The Gaze Through Which You See: An Analysis of the Male and Female Gaze in 19th Century Literature
Coined by English art critic, John Berger, in 1972 and popularized by British feminist film theorist, Laura Mulvey, in 1973, the term “male gaze” has recently been making comebacks in trends on various social media platforms such as Tiktok, Twitter, and Instagram. It is often described with the purpose of owning the women on screen through anonymous voyeurism and, seemingly, no consequences. Directly serving as an antithesis and remarked as a response to the male gaze is that of the female gaze, which serves to look at women through a lens of power and internal beauty. Though these are newer concepts that are mostly applicable to film, they were exacted in media long before there was a proper term for them. In my fellowship, I work to analyze 19th century literature based in the United States that has been adapted into films to see how the gaze translates from the page to screen. The works that will be analyzed are The Last of the Mohicans by James Fenimore Cooper and the film adaptation directed by Michael Mann; Little Women by Louisa May Alcott, the film adaptations directed by George Cuker and Greta Gerwig; and The Scarlet Letter by Nathaniel Hawthorne and its adaptation directed by Roland Joffé.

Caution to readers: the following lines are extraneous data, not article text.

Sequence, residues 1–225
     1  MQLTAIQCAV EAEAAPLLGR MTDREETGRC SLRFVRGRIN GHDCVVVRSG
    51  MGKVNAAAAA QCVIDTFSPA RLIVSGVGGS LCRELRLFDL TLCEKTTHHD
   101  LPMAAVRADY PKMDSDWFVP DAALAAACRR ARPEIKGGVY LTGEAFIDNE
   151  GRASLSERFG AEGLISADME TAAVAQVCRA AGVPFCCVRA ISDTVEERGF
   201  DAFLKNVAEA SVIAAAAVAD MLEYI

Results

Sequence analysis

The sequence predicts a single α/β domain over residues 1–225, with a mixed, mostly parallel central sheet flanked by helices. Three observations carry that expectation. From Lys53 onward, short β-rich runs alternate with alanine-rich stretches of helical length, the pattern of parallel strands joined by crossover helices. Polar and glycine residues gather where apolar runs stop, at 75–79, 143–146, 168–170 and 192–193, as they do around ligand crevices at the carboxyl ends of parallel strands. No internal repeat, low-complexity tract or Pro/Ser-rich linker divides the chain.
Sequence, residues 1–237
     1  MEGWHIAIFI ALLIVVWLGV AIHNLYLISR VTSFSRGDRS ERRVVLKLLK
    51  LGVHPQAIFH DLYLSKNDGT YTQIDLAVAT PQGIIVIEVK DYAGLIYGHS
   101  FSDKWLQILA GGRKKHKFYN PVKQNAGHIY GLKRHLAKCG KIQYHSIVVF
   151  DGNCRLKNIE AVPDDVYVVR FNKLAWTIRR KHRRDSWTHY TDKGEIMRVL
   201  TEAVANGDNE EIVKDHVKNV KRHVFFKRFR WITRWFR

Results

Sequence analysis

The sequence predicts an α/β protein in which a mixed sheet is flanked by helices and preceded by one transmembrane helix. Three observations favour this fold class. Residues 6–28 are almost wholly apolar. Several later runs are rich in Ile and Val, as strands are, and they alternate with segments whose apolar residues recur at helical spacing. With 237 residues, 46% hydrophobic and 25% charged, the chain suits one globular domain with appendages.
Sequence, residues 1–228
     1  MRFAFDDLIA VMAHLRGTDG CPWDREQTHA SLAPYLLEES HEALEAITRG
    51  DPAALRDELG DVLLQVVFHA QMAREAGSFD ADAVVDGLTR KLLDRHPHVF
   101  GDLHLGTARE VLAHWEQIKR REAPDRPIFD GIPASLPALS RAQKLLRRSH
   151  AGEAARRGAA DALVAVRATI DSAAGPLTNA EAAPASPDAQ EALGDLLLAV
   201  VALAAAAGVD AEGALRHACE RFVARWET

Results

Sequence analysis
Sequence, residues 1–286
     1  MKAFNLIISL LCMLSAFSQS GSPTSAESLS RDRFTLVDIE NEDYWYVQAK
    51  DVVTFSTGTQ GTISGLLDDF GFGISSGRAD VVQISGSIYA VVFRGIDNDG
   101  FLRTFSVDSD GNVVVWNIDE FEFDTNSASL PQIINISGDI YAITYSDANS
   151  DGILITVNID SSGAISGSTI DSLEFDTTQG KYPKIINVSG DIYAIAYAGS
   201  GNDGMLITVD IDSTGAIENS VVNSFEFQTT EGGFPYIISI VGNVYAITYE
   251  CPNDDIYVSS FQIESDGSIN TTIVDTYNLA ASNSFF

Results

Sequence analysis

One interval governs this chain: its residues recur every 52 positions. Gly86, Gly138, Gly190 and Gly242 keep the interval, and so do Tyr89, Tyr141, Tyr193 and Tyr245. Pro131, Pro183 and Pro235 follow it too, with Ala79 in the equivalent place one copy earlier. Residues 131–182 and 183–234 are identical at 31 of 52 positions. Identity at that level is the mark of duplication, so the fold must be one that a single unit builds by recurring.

Fiorella, Olivia, "The Gaze Through Which You See: An Analysis of the Male and Female Gaze in 19th Century Literature" (2022). English Summer Fellows. 26.
Available to all.
Presented during the 24th Annual Summer Fellows Symposium, July 22, 2022 at Ursinus College.